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Upgrade Picks in the Downturn

Matrix Advisors Value manager David Katz on the fund's upgrades amid the sell-off and the upside he sees remaining in the market.

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Courtney Dobrow: Hi, my name is Courtney Dobrow. I'm a mutual fund analyst here at Morningstar. With me today is David Katz, portfolio manager for Matrix Advisors Value, which is a large-blend fund that David has managed since 1996.

David, thanks for being here.

David Katz: Nice to be here.

Dobrow: To start off with, let's talk a little bit about the roller coaster market that we've had since last year and some of the challenges that you faced in running a very concentrated portfolio. You own about 30 to 40 stocks at any given time. How has that been?

Katz: It's been a treacherous market. It's a treacherous market whether you owned 40 stocks or whether you owned 100 stocks. Last year was the worst bear market since the 1930s. From top to bottom, stocks were down about 50 or 60 percent. Basically it hit everybody, every industry.

So the key to being successful, we think, is for investors to take a longer-term time frame, to try to buy businesses that were surely going to be survivors, and focus a portfolio on that.

When the economy ultimately bottomed out, which is actually happening right now, you're going to see a pretty significant bounce back. That's what we're seeing and some of the more seasoned portfolios are seeing right now.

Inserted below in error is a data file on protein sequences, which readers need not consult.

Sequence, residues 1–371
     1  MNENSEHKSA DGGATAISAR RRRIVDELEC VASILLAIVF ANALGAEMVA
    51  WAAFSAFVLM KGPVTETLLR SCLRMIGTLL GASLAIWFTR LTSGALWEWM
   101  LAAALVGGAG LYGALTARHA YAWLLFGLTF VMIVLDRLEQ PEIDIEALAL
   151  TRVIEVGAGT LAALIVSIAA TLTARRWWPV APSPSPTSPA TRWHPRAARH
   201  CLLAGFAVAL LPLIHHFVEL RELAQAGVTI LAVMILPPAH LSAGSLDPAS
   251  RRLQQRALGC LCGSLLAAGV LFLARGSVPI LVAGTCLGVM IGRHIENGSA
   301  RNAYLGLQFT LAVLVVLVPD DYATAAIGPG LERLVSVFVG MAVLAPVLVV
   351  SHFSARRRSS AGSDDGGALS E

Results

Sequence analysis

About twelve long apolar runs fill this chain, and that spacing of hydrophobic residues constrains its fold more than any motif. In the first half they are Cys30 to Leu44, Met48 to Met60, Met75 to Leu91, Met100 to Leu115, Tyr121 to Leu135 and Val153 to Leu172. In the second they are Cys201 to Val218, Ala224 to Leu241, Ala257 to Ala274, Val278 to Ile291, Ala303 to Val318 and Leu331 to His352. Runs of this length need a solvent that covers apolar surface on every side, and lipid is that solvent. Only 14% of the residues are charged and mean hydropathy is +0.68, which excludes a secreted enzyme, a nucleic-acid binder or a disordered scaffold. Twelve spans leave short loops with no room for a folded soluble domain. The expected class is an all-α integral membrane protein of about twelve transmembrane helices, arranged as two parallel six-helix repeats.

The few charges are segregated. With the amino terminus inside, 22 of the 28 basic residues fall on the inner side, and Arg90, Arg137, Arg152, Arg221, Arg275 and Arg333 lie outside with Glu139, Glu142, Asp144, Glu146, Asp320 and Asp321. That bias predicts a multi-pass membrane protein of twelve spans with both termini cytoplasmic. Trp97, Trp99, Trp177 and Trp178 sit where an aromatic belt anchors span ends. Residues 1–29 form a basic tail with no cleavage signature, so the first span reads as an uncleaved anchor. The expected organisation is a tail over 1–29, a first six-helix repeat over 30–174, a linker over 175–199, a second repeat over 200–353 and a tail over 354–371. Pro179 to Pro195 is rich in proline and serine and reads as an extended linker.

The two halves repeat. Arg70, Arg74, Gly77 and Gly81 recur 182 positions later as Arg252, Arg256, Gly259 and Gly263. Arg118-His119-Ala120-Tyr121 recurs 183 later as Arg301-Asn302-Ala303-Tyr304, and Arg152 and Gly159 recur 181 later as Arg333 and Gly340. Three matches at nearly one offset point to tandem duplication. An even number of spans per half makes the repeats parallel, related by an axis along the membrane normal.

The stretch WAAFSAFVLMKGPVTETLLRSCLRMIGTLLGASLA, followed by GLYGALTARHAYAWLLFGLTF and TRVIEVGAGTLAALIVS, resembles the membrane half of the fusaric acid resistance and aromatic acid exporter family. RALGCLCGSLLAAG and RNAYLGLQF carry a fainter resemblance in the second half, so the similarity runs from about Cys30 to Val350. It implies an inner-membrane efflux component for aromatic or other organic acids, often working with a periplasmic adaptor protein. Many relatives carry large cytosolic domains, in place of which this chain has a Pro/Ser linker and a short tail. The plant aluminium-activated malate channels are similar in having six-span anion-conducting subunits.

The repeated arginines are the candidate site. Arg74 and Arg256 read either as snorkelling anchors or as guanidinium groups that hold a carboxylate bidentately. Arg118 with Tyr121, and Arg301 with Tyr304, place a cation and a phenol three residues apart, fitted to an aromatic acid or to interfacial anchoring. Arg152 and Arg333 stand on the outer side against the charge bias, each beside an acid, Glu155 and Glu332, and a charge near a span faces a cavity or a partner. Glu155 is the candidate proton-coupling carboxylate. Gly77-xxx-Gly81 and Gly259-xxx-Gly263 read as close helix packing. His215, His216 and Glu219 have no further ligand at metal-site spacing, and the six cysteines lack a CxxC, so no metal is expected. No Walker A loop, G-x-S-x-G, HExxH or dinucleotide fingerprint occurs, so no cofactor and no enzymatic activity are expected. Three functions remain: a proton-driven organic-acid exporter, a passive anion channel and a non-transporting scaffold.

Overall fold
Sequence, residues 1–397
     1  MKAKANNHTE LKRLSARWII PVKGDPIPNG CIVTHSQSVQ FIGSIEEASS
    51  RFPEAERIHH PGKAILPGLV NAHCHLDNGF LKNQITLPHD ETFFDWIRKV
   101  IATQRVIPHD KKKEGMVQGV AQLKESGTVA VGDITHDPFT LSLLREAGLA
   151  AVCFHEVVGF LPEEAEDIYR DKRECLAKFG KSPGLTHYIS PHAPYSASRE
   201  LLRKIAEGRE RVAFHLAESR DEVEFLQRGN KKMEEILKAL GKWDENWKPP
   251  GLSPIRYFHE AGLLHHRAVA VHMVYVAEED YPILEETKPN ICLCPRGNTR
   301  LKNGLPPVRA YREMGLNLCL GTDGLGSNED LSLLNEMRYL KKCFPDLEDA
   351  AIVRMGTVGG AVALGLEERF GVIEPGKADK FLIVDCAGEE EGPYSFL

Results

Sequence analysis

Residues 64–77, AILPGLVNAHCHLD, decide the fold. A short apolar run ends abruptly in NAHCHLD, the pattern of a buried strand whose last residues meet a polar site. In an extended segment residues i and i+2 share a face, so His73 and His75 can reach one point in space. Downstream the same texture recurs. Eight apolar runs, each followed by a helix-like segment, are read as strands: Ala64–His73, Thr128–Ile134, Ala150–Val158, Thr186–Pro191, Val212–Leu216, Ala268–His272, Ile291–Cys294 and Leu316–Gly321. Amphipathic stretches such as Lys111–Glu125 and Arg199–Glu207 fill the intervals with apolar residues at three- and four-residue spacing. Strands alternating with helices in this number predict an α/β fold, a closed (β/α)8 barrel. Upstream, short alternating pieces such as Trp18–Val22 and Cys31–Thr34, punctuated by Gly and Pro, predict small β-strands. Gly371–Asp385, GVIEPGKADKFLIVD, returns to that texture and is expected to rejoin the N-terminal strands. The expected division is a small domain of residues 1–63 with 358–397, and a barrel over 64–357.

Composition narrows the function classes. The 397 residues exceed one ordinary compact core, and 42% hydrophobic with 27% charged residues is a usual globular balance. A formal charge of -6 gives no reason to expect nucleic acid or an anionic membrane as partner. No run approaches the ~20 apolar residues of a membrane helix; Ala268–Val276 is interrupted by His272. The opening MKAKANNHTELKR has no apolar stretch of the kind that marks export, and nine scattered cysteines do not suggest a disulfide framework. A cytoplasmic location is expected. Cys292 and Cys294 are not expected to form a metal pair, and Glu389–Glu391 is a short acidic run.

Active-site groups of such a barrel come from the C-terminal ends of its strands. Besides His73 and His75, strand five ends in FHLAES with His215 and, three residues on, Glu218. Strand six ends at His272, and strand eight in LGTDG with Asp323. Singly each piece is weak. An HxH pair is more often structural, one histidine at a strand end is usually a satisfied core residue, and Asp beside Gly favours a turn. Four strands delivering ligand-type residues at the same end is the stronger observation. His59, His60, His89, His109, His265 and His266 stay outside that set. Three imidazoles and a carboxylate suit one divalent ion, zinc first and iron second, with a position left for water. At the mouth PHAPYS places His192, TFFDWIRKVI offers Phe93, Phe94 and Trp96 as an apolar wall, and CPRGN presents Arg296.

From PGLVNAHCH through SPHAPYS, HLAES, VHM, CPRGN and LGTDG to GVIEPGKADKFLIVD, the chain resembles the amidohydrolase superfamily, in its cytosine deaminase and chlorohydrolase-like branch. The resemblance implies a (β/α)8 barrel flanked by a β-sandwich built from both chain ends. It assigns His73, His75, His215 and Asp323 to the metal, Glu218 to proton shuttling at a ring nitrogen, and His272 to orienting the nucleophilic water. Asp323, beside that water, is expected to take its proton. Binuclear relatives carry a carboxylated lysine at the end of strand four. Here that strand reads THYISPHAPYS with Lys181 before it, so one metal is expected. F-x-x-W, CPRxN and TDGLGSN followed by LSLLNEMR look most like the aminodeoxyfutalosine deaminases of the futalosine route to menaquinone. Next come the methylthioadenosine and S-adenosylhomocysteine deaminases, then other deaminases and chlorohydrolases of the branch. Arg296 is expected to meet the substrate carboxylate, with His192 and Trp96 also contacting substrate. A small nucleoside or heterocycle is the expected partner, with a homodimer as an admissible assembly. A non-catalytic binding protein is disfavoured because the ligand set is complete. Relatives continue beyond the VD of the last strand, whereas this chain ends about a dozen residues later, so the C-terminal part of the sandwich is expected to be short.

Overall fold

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Dobrow: Since the rally in early March, are you finding it more difficult to find stocks that are trading cheaply? I know you like to buy 30 percent below your estimate of fair value. Has that been more of a challenge?

Katz: We're still finding a lot of stocks that have significant upside, not as many as six months ago. We screen about 1,500 companies. Normally there are 100 to 150 that are statistically cheap.

In the March lows, there were about 500 companies that were off-the-charts cheap that we thought on average had 100 to 120 percent upside. Right now, our upside target is lower. It's probably about 70 percent, 75 percent for the portfolio, so there's not as much upside.

You have to come to terms with the fact that you could buy a Dell at $8 a share six months ago. Today, you're paying $16 a share. But if we think a Dell is worth $25 to $28, we still think it's attractive.

We're still finding a pretty broad basket of stocks that are attractive, just not as attractive as they were a few months ago. The offset, however, is that a lot of the risk of the economy, and the wheels falling off, and going into a depression has been taken off the table.

Dobrow: It sounds from our previous discussions that you've been able to upgrade the quality of the portfolio. Can you give a couple of examples?

Katz: Absolutely. One of the things that happened as a result of the market sell-off is many stocks were cheap. You were able to find some of the best businesses at attractive prices.

We had Time Warner in the portfolio. We like Time Warner, but Disney at the same time, which is a little bit cleaner business, sold off from $32 to $19, so we took our Time Warner money and put it into a Disney. Wonderful business, great price.

Corning, Inc., which makes LCDs, glass, has a great history of making money. During the market sell-off and the technology sell-off, it got as low as about $8 or $9 a share. It was about six times earnings with $2 or $3 [per share in] cash, no debt. If you have any sort of time frame more than 12 months, this is a great business at a great price.

So we tried to buy things like that during the sell-off. We also added names like Coca-Cola, Procter & Gamble--very good businesses at 12 times earnings. We don't think they're going to have as much upside as a Corning per se, but we think you're getting a great business and long-term growth at a very attractive entry point.

Courtney Goethals Dobrow does not own (actual or beneficial) shares in any of the securities mentioned above. Find out about Morningstar’s editorial policies.